4 Steps to More Satisfying Clinician Onboarding
"We wanted to see what we could do to create a more welcoming environment and get people more engaged from the get-go," says a system's integration coordinator.
Prior to 2014, the physician onboarding process at Great River Health Systems (GRHS) was fairly typical. During a standard half-day orientation, recruits would review and sign required accrediting documents and such—and begin seeing patients the same afternoon.
"We've learned that while that approach is a satisfier to the employer, we didn't think it was a satisfier to the provider to be 'thrown into the sharks,'" says Melissa Jones, integration coordinator at the 130-provider regional system in Iowa.
Why strive to improve the provider experience of onboarding? When it comes to clinician retention and the hefty cost of recruiting a new provider, the onboarding process offers a one-time opportunity to establish rapport, linking a clinician and his or her family to not just the healthcare organization but also to the community.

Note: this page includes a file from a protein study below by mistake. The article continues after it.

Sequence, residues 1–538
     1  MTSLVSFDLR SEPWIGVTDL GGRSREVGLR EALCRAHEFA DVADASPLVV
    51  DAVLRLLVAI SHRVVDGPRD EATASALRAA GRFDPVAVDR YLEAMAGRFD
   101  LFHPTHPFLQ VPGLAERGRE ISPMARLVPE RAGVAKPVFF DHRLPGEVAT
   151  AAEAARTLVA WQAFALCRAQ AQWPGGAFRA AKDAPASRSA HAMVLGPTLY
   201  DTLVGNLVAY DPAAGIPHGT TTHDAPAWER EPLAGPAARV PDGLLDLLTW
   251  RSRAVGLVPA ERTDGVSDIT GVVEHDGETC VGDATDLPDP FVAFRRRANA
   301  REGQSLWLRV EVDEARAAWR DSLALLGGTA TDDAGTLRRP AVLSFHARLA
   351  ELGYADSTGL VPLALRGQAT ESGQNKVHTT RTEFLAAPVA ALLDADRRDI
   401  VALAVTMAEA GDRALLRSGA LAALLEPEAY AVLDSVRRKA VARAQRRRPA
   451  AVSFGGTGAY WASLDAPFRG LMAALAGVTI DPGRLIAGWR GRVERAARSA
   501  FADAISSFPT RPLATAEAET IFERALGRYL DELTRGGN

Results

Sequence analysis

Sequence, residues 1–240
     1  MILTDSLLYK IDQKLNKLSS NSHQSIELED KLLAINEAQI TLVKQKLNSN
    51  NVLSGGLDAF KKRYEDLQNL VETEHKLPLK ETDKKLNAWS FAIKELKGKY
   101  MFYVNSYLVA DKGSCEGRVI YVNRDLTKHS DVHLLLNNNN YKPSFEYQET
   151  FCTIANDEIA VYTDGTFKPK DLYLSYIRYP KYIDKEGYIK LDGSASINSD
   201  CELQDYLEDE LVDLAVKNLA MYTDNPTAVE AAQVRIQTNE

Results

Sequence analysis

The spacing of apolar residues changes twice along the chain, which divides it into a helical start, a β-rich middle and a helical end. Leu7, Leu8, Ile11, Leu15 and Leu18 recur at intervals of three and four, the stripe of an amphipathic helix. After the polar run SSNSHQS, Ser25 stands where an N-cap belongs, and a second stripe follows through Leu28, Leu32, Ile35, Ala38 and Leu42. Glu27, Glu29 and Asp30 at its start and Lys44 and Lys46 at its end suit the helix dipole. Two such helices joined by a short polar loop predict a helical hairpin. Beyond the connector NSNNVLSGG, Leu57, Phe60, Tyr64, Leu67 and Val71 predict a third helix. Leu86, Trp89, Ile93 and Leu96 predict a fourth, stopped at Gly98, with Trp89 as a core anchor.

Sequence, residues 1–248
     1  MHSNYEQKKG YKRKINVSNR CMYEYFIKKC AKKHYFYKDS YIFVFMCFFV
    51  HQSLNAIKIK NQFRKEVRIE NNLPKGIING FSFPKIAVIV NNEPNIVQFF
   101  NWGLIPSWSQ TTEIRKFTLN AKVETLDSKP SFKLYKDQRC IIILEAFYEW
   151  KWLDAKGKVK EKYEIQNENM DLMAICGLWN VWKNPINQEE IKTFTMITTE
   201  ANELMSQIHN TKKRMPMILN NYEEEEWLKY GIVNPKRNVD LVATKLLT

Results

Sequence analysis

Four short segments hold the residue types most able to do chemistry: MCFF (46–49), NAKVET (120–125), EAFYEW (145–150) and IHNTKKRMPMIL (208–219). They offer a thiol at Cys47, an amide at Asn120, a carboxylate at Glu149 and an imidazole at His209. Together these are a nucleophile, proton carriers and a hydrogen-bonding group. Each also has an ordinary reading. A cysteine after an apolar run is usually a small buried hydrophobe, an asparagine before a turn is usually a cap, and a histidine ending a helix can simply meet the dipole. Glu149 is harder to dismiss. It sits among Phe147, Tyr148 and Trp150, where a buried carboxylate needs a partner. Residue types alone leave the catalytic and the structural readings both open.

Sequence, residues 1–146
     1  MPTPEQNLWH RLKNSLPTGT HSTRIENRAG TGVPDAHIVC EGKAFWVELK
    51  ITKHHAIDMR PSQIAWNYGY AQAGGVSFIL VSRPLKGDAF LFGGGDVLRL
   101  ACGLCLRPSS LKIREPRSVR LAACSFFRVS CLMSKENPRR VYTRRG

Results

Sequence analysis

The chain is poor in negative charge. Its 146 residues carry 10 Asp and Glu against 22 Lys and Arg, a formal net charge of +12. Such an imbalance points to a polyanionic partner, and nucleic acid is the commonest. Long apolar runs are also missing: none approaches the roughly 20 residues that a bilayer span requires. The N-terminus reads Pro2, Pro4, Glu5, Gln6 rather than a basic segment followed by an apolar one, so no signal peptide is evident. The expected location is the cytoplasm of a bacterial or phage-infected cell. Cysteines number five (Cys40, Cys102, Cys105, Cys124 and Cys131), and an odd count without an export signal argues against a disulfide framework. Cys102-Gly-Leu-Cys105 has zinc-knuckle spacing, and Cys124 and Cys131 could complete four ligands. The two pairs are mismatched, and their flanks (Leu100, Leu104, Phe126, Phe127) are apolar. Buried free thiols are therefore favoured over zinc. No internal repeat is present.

Consider the following tactics that have garnered GRHS great feedback so far.
1. Connect Early and Often
To make the most of an expanded onboarding process (which now involves a 2.5-day orientation for all providers, including advanced practitioners), it helps to set the stage at the point of recruitment, Jones says.
For GRHS, this means that Jones will visit with candidates during their interview process. "That way, if they do come on board and sign a contract, we've already put a face with the name and gotten to know each other a bit," she says. "It's very brief but engagement really starts at that point in the process."
It's also not unusual for candidates to sign contracts up to a year before beginning work with the system, in which case it's important for Jones and her team to keep in contact with providers and their families to foster the new relationships.